I'll never forget seeing the black alpha male and small gray female of the East Fork wolves in Denali National Park that day
I was walking up the road near Polychrome Pass and looked behind me to see three wolves coming my way. It was a hot day, their heads hung low as they plodded along the dusty road. While they simply looked out of the corner of their eyes, seemingly uninterested in my presence, it was one of the most memorable experiences I have ever had in Denali. Little did I know it would be the last time I would ever see these wolves.
The wolves in Denali are believed to be the first and longest-studied group of wild wolves in the world. Until more recent years in Yellowstone National Park, they were also the most viewed wolves, seen by hundreds of thousands of visitors. Often they are seen loping along the park road, sometimes carrying a snowshoe hare or caribou leg. If you are lucky, you may get to see a moose or caribou kill. These extraordinary viewing experiences are threatened by a handful of trappers who set gauntlets of traps just along the border of the park. Denali's wolves are especially vulnerable to trapping and hunting due to their tolerance of human presence. As a result, the history of several wolf families seen along the park road is a history of loss.
In the 1980s, Denali's Savage pack was wiped out by a hunter. In 1995, the sole survivor of the Headquarters pack, a pregnant alpha female, was illegally snared less than 300 feet outside the park boundary. In 1997-98, the East Fork wolves declined from 12 to two; heavy trapping was the suspected cause. In 1998, the Sanctuary wolves declined from 15 to eight members; one year later, three pups from this pack were snared less than a mile outside the park.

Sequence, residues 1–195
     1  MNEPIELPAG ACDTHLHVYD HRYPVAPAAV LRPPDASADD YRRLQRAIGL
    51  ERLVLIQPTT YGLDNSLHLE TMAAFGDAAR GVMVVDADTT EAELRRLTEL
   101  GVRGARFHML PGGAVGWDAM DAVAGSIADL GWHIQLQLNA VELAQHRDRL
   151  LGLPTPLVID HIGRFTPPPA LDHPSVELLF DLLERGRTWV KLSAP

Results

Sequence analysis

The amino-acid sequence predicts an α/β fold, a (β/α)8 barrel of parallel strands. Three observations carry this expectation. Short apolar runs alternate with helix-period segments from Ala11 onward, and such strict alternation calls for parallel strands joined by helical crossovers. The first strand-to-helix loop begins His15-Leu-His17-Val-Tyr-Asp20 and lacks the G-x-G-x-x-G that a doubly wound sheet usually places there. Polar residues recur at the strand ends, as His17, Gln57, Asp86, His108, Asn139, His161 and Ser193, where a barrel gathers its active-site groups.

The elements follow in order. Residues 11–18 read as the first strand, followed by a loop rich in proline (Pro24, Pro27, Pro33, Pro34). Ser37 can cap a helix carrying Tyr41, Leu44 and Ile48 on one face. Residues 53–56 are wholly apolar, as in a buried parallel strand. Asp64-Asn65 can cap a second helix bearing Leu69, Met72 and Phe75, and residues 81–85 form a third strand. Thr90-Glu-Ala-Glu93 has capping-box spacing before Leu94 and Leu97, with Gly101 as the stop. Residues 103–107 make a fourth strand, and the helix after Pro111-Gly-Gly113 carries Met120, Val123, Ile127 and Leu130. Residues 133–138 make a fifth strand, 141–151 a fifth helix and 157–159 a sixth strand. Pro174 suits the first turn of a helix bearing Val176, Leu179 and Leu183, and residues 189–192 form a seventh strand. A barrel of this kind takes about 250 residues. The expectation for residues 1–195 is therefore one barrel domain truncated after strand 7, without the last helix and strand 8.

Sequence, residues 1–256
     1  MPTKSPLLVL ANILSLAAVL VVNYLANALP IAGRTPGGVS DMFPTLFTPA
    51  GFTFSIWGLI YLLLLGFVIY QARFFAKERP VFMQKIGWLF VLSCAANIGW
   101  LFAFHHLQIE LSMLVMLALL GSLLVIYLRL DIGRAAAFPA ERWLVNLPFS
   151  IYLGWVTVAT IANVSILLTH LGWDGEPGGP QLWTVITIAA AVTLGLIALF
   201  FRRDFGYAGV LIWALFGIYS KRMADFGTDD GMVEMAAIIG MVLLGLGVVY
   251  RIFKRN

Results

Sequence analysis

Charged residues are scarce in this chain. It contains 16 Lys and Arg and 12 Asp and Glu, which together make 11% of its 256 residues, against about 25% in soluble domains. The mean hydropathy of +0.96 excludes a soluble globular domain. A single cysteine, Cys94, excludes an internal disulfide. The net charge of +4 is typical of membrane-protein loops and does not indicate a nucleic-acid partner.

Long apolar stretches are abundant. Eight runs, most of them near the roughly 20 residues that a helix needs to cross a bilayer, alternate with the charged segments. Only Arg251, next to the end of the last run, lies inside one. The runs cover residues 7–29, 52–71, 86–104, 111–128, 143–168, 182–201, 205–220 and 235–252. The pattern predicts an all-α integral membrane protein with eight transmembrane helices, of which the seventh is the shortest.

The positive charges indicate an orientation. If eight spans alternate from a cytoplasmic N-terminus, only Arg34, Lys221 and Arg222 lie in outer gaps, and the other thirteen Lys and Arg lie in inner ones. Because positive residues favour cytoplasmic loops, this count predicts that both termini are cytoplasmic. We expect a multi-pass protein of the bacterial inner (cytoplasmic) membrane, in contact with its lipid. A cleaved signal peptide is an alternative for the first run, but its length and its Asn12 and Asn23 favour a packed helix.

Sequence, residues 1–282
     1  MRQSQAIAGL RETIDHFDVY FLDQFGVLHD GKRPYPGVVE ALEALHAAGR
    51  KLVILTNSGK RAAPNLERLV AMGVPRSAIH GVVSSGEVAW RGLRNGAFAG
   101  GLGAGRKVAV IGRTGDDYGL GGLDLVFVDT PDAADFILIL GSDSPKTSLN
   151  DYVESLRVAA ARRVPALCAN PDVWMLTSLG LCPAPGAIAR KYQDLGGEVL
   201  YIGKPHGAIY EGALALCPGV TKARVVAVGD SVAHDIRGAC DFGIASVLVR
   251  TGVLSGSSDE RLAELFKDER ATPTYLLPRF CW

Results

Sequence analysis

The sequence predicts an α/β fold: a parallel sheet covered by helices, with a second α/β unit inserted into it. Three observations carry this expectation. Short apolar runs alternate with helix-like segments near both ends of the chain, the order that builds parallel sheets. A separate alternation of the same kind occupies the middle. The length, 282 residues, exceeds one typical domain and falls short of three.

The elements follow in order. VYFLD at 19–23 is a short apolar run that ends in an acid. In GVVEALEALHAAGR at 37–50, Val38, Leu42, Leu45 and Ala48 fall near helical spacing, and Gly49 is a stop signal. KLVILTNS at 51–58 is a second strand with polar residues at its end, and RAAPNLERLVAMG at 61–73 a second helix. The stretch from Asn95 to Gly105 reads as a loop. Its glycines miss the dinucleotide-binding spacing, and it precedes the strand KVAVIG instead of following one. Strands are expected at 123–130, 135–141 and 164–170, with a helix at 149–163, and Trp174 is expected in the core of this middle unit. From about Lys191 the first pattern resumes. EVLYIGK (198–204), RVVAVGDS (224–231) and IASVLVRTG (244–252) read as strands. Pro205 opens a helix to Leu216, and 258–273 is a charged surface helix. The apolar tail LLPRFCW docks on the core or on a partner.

In 2000, five pups from Denali's Pinto pack were shot by a hunter. In 2002, the sole survivor of the Sanctuary pack was trapped and killed, her radio collar signal going off in a local trapper's house. The Margaret wolves moved into the territory but suffered the loss of their alpha male to trapping, and only two wolves remain today. A wolf with a snare caught around his neck moved into the Margaret territory. The wound was so severe his head was grossly swelled, prompting the Park Service to capture him and remove the snare. After his mate was killed he was never seen again. That same spring, another wolf was seen with a leg-hold attached but disappeared shortly thereafter.
There has been no more tragic loss, however, than that experienced by Denali's East Fork wolves. Denning some 30 miles into the park, many believe they are descendants of the wolves Adolph Murie studied back in the late 1930s. The book "The Wolves of Mt. McKinley" is based on Murie's research and is still sold in bookstores today. In 2005, the small gray East Fork female I had seen on the road was trapped by a recreational trapper near the Stampede Trail. The late Dr. Gordon Haber, an independent wolf biologist, and others observed her mate and pups around the trap area for many days, perhaps bewildered by her capture in both a leg-hold and snare. The trapper eventually shot her and carried her out on a sled pulled by a snowmachine. Biologists reported she had been alive for 10 to 14 days in the trap. The necropsy revealed she had broken teeth from eating rocks. Not too long after her death, the alpha black male was shot in the back by a hunter in the Cantwell area.
This week, the Board of Game has an opportunity to stop this history of loss and extend protection to these wolves for the benefit of hundreds of thousands of visitors to Denali National Park. Countless letters of support, along with hundreds of signatures from local residents and Alaskans are calling on the board to do the right thing.
Karen Deatherage is a member of the Denali Citizens Council and has been involved in wildlife conservation work for 13 years. She has also researched Denali's wolves with the Dr. Gordon Haber. She currently lives in Anchorage.